Bid to smear Irish who fought in First World War

IN THEIR letters (October 20) on the upcoming commemoration in Cork of the Irish soldiers who died in the First World War, Jack Lane and Tom Cooper infer or suggest outright that any such event would be an endorsement of the post-war military operations of the British army and security forces, specifically the Black and Tans and the Auxiliaries.

This is a simplistic and historically disingenuous suggestion.

It is, to use Tom Cooper’s word, an “insidious” suggestion, as was his casting a shadow over the use of “great” when describing the war. The word was and is used to give a sense of the traumatic magnitude of the event experienced by contemporaries, including the 200,000-plus Irishmen and women who participated directly in the war. The references to the Black and Tans are an attempt to besmirch the reputation of the Irishmen, Catholic and Protestant, who followed a long tradition by joining the British army. And it is particularly unjust to the Irishmen who joined up during the Great War. Of those who joined then the majority (though a relatively small one) were Catholics and while their motives for enlisting were varied and not always idealistic, those Catholics who enlisted did so on the understanding they were fighting for small nations and for Home Rule.

This ‘Irish nation’ might not have been republican with an anti-imperialist and, by inference, anti-British world view as promoted by Sinn Féin at the time, but for many people then it held out the prospect of political autonomy that would eventually expand to dimensions similar to those of other dominions like Canada, Australia and New Zealand. They were Irish nationalists fighting in foreign lands for an Irish nation.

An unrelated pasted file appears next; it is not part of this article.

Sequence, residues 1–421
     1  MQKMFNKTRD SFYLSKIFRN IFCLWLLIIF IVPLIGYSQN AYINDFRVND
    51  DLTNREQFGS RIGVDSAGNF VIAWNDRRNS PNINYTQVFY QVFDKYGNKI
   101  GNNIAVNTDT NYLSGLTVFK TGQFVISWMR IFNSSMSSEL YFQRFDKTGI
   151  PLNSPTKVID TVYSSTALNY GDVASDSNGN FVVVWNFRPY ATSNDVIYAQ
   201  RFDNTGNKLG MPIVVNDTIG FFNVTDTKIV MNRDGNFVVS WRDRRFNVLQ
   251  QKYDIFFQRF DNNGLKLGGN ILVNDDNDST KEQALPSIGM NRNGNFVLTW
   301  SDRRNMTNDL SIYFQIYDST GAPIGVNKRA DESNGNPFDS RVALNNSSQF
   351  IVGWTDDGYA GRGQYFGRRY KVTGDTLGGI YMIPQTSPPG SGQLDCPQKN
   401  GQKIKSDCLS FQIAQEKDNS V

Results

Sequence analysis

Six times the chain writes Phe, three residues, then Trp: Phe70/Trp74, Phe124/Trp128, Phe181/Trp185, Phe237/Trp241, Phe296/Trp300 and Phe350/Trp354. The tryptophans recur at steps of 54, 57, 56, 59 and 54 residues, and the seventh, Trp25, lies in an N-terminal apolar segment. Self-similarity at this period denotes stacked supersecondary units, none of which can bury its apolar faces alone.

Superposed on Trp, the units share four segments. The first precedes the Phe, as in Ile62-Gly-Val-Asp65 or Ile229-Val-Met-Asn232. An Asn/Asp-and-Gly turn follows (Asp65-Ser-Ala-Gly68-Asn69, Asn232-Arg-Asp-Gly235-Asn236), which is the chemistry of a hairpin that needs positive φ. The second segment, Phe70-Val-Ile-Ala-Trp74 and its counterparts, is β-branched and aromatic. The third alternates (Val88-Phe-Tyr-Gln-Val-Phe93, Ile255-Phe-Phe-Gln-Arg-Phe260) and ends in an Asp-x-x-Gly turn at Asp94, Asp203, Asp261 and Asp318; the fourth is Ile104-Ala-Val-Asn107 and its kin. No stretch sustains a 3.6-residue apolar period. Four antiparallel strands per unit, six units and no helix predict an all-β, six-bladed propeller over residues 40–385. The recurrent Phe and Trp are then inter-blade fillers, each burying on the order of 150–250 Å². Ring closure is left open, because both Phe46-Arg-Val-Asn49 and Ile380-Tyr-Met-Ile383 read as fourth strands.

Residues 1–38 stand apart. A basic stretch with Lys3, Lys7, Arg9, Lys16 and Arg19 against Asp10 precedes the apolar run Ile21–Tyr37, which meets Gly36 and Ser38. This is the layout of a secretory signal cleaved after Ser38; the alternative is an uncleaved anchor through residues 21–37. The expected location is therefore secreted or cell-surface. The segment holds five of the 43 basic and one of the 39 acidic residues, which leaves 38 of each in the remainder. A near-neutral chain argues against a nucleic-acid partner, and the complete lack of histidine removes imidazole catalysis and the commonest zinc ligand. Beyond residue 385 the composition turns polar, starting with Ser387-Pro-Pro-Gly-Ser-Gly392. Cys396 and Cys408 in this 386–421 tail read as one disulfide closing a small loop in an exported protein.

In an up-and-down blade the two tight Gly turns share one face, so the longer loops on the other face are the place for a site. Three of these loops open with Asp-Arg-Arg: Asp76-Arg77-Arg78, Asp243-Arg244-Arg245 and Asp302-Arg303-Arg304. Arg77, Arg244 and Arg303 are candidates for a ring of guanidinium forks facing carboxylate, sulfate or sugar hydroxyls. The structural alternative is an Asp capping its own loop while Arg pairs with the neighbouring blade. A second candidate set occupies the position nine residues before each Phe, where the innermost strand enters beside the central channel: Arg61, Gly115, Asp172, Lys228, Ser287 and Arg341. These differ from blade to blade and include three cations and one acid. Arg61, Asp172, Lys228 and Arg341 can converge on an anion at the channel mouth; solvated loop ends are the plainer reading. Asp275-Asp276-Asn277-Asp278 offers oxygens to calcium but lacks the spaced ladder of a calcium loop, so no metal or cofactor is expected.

For the first two years of the war these Irish soldiers had the support of the their own people, including Catholics. The eventual victory of Sinn Féin after the war ensured the usual victor’s prerogative — a rewriting of history and an adjustment that belittled the nationalist credentials of the Irish Party under John Redmond and those Irish Catholics who ‘took the shilling’ of the British army.

The upcoming commemorative events are part of a process of correcting the purposeful political amnesia of the Irish State and a recognition of the complexity and plurality of Irish political identity. Increasingly in a globalised, post-national world, with Ireland part of a single-currency Europe, you might find the spirit of the times more in sympathy with the Redmonite Irish Party than with de Valera’s Sinn Féin.

Mark Cronin

16 Delaney Park

Dublin Hill


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